Adjusting the TRC Memory Setting is Important

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Testing Trc Timings

The Trc Test System

Using the Intel Core 2 Duo X6800 processor overclocked to 3.7GHz (14 x 266MHz) on the eVGA 680i SLI motherboard (P23 BIOS) we were able to get the Corsair PC2-10000C5 memory running at 1244MHz at 5-5-5-15 2T timings with just 2.1V on the memory. A PC Power & Cooling 1000W power supply made sure everything had enough power and the XFX 8800GTX graphics card and Western Digital 250GB SATA hard drive rounded up the test system.  To keep things simple we changed just one setting in the BIOS and that was the Trc. 

Bandwidth Testing:

To start out testing the impact of adjusting the Trc we ran Everest Ultimate, Sandra 2007, Sciencemark 2.0 and Super Pi each five times and took the average of each test to get the results below.

Benchmark:
Everest Ultimate
Sandra 2007
Sciencemark
Super Pi
Test:
Read
Write
Copy
Latency
Buffered
Bandwidth
4M Block
Trc 35
7575
5678
5964
50.1
6249
5796.12
82.78 secs
Trc 15
7598
5679
6050
50.1
6344
5873.20
79.59 secs

It’s obvious that by lowering the Trc from 35 to 15 we were able to notice a recordable difference in performance.  In Everest slight gains were noticed in the Read and Copy tests.  Both Sandra and Sciencemark showed a bandwidth gain of 100MB/Sec, which is awesome for changing just one setting.  In Super Pi we were amazed that we were able to reduce the time it took to complete by over three seconds! Of all the results here the most shocking is by far improvement seen in Super Pi.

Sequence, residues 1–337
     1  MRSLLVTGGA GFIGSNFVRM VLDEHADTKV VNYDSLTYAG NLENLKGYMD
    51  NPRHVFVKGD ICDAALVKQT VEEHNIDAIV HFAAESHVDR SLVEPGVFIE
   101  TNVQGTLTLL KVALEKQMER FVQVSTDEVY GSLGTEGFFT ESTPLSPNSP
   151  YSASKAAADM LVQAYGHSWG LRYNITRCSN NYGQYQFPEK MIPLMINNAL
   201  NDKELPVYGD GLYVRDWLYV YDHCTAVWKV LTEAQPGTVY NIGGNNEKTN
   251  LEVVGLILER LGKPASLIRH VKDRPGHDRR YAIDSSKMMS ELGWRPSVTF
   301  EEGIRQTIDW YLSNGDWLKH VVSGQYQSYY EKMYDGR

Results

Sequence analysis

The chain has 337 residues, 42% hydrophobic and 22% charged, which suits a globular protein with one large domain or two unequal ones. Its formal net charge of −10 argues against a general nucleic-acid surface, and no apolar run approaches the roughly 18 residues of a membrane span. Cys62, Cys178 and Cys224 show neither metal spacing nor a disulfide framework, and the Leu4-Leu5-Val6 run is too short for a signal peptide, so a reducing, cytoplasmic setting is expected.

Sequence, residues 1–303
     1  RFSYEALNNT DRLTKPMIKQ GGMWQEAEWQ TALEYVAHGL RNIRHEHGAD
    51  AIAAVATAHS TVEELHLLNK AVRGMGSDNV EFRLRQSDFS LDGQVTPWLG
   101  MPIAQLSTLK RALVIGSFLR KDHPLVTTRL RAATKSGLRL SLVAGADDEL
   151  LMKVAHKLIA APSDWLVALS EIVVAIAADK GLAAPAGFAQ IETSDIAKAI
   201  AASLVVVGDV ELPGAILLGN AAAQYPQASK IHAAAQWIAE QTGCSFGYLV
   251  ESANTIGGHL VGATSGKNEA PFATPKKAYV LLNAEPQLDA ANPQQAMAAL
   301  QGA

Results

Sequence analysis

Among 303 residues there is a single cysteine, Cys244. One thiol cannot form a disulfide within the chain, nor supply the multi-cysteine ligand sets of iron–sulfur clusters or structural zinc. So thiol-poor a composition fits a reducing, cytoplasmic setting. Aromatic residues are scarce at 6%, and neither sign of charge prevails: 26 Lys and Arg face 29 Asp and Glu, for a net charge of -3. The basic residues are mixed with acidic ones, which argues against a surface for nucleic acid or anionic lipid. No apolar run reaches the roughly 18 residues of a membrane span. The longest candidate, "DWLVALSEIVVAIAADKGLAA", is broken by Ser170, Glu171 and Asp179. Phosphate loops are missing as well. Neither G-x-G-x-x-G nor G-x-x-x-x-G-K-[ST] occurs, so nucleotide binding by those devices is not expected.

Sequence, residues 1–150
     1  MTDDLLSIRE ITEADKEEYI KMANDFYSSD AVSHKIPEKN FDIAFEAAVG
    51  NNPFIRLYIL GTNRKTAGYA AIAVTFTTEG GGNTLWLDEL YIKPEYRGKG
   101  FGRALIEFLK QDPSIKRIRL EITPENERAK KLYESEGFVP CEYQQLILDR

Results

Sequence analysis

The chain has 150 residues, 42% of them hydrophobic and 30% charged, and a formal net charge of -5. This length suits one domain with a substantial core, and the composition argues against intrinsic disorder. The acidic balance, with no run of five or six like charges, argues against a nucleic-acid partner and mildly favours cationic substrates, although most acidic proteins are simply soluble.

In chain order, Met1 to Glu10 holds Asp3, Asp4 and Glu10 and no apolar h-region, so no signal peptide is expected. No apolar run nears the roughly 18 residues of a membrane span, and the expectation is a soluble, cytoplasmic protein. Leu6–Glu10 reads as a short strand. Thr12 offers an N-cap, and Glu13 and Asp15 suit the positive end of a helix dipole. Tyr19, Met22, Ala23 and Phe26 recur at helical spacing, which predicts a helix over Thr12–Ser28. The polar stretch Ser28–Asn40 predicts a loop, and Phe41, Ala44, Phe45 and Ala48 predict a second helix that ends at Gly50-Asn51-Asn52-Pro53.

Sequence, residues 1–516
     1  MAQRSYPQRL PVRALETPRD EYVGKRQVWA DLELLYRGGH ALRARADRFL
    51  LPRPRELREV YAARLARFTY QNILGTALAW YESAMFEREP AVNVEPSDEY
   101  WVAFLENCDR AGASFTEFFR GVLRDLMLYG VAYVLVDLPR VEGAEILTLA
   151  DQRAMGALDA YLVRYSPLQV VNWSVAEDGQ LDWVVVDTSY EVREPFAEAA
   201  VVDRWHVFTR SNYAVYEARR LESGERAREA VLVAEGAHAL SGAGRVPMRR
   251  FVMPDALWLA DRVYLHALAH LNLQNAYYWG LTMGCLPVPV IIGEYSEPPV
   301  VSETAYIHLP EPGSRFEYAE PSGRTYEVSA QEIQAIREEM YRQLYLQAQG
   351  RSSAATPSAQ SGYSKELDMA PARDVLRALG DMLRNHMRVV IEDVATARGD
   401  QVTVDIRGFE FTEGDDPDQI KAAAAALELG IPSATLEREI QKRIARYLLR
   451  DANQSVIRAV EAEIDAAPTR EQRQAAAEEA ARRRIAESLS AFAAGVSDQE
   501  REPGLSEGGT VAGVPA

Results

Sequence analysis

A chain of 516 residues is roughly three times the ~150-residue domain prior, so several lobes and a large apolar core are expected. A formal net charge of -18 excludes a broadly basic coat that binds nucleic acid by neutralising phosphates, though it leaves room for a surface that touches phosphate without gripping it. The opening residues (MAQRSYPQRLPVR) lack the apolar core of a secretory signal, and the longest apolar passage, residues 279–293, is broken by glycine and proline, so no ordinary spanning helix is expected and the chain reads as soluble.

Game Testing:

When it comes to gaming Comanche 4, Quake 4 v1.3 and F.E.A.R. v1.08 were run five times at a resolution of 1024×768 with the averages taken and shown below. Both Quake 4 and F.E.A.R. had 4x AA and 8x AF enabled.

Benchmark: Comanche 4 Quake 4 F.E.A.R.
Trc 35

142.51

121.1

149

Trc 15

142.88

123.2

154

It’s clear that reducing the Row Cycle Time (Trc) helped improve the frame rate for all of the games, but not enough to be significant (equal to or greater than 5%) in any of them.  The biggest difference was noted in F.E.A.R. where a five frame per second difference was noticed between the two Trc settings. While the differences are minor we were able to improve system performance by ~1-4% on all seven of the applications used to test out the Trc setting change.  It’s clear that to get the most performance out of your system advanced memory need to be set on systems that allow it.

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